News: New guns, new classes, new skill trees and new environments – Gearbox Software have been revealing a whole host of new details about the upcoming Borderlands 2.
Gearbox Software have revealed an incredible amount of detail on the the improvements to weapons, classes, abilities, skill trees and more that you can expect to see in Borderlands 2 when it hits PC, PS3 and Xbox 360 later this year.
First up, of course, that legendary arsenal of guns will see some tweaking in approach in Borderlands 2, rather than just piling on more of them: “If you’ve got 87 bajillion guns, making it 88 bajillion doesn’t necessarily make it more interesting,” says the game’s art director Jeremy Cooke.
“We realised that in the first game quite a lot of the guns were visually and behaviourally quite homogenous,” Cooke continues, “They were just stat upgrades”. For the sequel, Gearbox will be looking to improve the sense of differentiation between especially the weapon manufacturers. “Dahl, our modern military manufacturer, has guns with camo. Maliwan, our sci-fi outlet, has glowing elemental effects and bold stripes. It hopefully allows people to identify with the guns even more closely,” he said, “We want them [players] to smack talk their friends about this sort of thing.”
Stats will still play a major part in the weapons, though, and now there will be more variables in play, with information revealing the likelihood of setting enemies on fire and how hot that fire will burn coming up, for example. Each manufacturer’s guns will also have certain characteristics: Dahl guns, for instance, are centred on stability, precision and burst fire.
Gearbox haven’t been resting on their laurels when it comes to the game’s classes, either. While they ares till based on the four core concepts of heavy, magic user, all-rounder and assassin, each class in Borderlands 2 has seem significant evolution from the first game.
The Berserker has become the “Gunzerker”, still very much the tank of the pack, but now with a focus on dual wielding weapons rather than melee combat: “You’ve done dual-wielding in games before, but usually it’s very limited,” says creative director Paul Hellquist. “With our millions of guns, that feels like a disservice”. So instead the Gunzerker will be able to loadout any combination of two weapons that suit the player – Hellquist mentions dual-wielding a pistol and a rocket launcher as an example.
Maya, Lillith’s replacement as Siren, sees a more aggressive application of phase skills that will allow her to capture enemies in a sphere of energy and raise them up and crash them into the the floor – perfect for ground control or disabling bigger foes. The popular soldier class, meanwhile, has become the Commando, and the big change here is the ability to expend skill points on upgrading and evolving his turrets, unlocking new abilities and attachments for them.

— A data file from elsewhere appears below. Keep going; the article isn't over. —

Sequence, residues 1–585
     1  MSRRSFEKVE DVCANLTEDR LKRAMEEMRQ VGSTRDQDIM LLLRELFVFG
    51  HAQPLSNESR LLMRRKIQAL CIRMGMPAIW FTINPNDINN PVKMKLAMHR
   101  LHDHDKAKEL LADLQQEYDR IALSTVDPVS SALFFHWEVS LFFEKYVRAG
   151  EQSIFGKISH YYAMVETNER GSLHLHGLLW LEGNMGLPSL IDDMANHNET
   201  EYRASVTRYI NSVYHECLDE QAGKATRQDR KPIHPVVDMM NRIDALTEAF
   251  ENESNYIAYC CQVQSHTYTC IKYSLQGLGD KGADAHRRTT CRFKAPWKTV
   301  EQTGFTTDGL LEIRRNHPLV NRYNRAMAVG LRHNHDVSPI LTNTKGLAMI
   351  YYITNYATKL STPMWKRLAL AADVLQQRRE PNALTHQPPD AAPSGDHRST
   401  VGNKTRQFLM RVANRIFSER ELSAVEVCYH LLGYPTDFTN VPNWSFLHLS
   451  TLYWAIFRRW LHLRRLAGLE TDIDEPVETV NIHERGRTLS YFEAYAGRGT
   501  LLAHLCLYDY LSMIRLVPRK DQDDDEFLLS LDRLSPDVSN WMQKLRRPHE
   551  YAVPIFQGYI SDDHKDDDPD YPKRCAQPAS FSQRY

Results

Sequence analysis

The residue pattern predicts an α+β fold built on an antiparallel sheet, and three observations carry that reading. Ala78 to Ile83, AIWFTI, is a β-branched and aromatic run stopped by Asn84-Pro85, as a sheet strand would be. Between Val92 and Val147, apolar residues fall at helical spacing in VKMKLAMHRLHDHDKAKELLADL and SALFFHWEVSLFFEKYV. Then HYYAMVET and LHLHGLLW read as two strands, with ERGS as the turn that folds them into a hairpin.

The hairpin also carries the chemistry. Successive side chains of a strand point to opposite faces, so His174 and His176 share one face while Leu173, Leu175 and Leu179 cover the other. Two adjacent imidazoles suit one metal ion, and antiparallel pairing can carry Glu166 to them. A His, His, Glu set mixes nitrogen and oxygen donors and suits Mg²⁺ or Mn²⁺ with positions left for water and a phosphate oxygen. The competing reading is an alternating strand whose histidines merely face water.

The Assassin class gains the Predator-like ability Deception, allowing them to confuse opponents as well as deal more damage, but they will have to cleverly balance their use of the ability against its recharge time.
Each class will also have more interesting and detailed skill trees to progress down, including the introduction of One Point Wonders – skills that can really change your available options and gameplay style but only require a small investment to unlock at a basic level. There are at least three different directions that players can tailor each class in now to allow them a wider say in their character’s development.
The backdrop against which you’ll be gunning and looting will see significant improvements in Borderlands 2 as well, much of it informed by Gearbox’s experience crafting the first game’s DLC: “It’s not just about one-off characters who live for a very short period of time,” Cooke states, “it’s about connecting all of these characters to the world, and building a proper story out of that.”
Environments will be more open, elaborate and dramatic, and missions will be more dynamic in approach, with objectives that can change depending on your actions, and players will have to take these into account when deciding on how they tactically approach combat. Enemies will have different behaviours and interactions with each other, as well as respond to who in the enemy ranks the players are concentrating their focus on and attempt to disrupt those plans. “It should cause people to rethink their tactics and potentialy pick different skills or use different gear as they move through the game,” Hellquist believes.
The above details come in a massive feature on the game in the latest print edition of Edge magazine. It’s well worth checking out our BeefJack Borderlands 2 preview too.
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